Like the Fernandez cases, there were no witnesses and no fingerprints. To complicate matters, the suspects in this case, Tyrone and Jerome Cooper, both had records for sexual assault (Tyrone assaulted a 10-year-old girl in 1991 and Jerome a 12-year-old girl in 1998).

After hiring a biotechnology company to check some 100,000 DNA characteristics to match one twin or the other to the recovered evidence, the police came up empty. They could only tell both twins that the case would be not be forgotten and would get worked until the statute of limitations prevented prosecution.
* * *
Twins make the justice system work even harder when they’re attached to each other, literally. If a conjoined twin commits, and is convicted of, a crime, how do you punish them without also unjustly punishing their innocent sibling? Slate’s Daniel Engber and legal scholar Nick Kam have both looked at the available historic cases and suggested possible solutions to the problem.

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iStock // Ekaterina Minaeva
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technology
Man Buys Two Metric Tons of LEGO Bricks; Sorts Them Via Machine Learning
May 21, 2017
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iStock // Ekaterina Minaeva

Jacques Mattheij made a small, but awesome, mistake. He went on eBay one evening and bid on a bunch of bulk LEGO brick auctions, then went to sleep. Upon waking, he discovered that he was the high bidder on many, and was now the proud owner of two tons of LEGO bricks. (This is about 4400 pounds.) He wrote, "[L]esson 1: if you win almost all bids you are bidding too high."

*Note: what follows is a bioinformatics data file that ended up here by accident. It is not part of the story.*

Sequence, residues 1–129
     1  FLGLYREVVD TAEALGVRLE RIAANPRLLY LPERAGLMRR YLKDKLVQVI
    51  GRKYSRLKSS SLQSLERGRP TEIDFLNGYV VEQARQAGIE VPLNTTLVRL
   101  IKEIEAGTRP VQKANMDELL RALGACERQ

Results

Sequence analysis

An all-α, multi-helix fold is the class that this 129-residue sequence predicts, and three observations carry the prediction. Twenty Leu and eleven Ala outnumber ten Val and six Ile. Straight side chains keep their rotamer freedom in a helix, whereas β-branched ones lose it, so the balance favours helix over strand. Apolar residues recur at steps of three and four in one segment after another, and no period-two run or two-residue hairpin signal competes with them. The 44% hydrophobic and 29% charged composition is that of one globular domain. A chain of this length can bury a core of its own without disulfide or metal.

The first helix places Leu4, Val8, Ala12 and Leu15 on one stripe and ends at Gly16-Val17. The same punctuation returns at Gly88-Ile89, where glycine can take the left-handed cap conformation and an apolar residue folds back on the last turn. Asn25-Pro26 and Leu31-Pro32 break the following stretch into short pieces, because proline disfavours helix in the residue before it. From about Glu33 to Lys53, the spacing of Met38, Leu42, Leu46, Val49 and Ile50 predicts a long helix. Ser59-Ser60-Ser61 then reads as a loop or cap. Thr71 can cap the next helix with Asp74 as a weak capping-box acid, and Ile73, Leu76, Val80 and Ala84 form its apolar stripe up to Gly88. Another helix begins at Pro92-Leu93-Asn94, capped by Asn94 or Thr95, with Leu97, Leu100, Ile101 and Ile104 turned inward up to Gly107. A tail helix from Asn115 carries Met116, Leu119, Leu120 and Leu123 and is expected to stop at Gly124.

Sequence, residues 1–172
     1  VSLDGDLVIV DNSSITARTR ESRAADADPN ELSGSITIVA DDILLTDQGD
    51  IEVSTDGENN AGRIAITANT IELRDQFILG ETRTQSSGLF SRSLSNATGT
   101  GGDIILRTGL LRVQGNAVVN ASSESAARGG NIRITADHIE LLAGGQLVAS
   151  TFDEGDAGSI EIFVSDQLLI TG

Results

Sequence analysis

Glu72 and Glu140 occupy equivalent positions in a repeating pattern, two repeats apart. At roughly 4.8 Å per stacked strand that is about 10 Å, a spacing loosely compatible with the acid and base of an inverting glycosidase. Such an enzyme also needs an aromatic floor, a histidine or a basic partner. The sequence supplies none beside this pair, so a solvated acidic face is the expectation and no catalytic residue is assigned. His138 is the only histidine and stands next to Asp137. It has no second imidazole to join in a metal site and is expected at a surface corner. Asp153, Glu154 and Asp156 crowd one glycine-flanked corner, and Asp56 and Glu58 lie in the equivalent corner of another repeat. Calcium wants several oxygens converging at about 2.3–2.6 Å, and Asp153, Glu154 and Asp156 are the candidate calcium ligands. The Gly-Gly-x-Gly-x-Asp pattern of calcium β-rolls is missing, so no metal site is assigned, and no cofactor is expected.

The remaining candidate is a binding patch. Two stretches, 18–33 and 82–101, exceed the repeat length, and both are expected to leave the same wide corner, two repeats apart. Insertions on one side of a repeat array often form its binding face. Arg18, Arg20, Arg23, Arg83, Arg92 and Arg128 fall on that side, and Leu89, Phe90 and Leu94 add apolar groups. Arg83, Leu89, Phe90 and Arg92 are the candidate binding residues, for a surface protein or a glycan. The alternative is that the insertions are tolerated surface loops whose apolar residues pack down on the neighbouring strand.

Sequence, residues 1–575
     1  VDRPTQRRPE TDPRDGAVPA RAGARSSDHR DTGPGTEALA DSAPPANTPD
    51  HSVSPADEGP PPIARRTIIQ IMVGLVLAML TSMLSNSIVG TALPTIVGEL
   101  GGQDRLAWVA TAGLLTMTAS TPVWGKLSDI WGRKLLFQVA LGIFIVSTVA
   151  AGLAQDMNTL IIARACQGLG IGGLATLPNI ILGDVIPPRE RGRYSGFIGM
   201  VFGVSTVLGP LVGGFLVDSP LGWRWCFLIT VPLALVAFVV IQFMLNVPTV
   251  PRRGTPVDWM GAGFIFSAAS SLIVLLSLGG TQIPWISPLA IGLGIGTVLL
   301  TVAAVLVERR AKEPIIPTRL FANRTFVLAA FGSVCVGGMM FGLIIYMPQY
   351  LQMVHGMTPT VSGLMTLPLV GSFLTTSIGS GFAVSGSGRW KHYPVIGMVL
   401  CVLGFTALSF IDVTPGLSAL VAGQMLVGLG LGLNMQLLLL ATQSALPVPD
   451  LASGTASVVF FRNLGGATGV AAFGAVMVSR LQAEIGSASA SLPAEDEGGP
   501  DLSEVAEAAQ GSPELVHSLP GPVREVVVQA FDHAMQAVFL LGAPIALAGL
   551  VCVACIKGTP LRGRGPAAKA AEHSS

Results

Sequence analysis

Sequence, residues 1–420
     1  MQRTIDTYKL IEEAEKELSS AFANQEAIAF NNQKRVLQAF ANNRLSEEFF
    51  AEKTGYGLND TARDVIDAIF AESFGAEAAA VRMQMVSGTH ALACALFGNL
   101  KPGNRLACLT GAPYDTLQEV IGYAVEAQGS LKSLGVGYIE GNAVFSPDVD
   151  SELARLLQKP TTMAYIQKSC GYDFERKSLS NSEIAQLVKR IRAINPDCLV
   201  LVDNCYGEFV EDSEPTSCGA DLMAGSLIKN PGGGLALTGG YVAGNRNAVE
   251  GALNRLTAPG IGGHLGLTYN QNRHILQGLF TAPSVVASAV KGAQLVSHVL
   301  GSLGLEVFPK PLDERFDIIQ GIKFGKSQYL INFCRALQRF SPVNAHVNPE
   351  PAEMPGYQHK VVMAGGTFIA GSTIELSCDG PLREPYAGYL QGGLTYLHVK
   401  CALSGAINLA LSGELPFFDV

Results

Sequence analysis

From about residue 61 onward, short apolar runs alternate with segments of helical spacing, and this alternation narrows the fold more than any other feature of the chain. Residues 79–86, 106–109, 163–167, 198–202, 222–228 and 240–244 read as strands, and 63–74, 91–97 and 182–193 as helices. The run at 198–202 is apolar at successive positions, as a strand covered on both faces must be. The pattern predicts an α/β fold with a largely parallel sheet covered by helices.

Mattheij had noticed that bulk, unsorted bricks sell for something like €10/kilogram, whereas sets are roughly €40/kg and rare parts go for up to €100/kg. Much of the value of the bricks is in their sorting. If he could reduce the entropy of these bins of unsorted bricks, he could make a tidy profit. While many people do this work by hand, the problem is enormous—just the kind of challenge for a computer. Mattheij writes:

There are 38000+ shapes and there are 100+ possible shades of color (you can roughly tell how old someone is by asking them what lego colors they remember from their youth).

In the following months, Mattheij built a proof-of-concept sorting system using, of course, LEGO. He broke the problem down into a series of sub-problems (including "feeding LEGO reliably from a hopper is surprisingly hard," one of those facts of nature that will stymie even the best system design). After tinkering with the prototype at length, he expanded the system to a surprisingly complex system of conveyer belts (powered by a home treadmill), various pieces of cabinetry, and "copious quantities of crazy glue."

Here's a video showing the current system running at low speed:

The key part of the system was running the bricks past a camera paired with a computer running a neural net-based image classifier. That allows the computer (when sufficiently trained on brick images) to recognize bricks and thus categorize them by color, shape, or other parameters. Remember that as bricks pass by, they can be in any orientation, can be dirty, can even be stuck to other pieces. So having a flexible software system is key to recognizing—in a fraction of a second—what a given brick is, in order to sort it out. When a match is found, a jet of compressed air pops the piece off the conveyer belt and into a waiting bin.

After much experimentation, Mattheij rewrote the software (several times in fact) to accomplish a variety of basic tasks. At its core, the system takes images from a webcam and feeds them to a neural network to do the classification. Of course, the neural net needs to be "trained" by showing it lots of images, and telling it what those images represent. Mattheij's breakthrough was allowing the machine to effectively train itself, with guidance: Running pieces through allows the system to take its own photos, make a guess, and build on that guess. As long as Mattheij corrects the incorrect guesses, he ends up with a decent (and self-reinforcing) corpus of training data. As the machine continues running, it can rack up more training, allowing it to recognize a broad variety of pieces on the fly.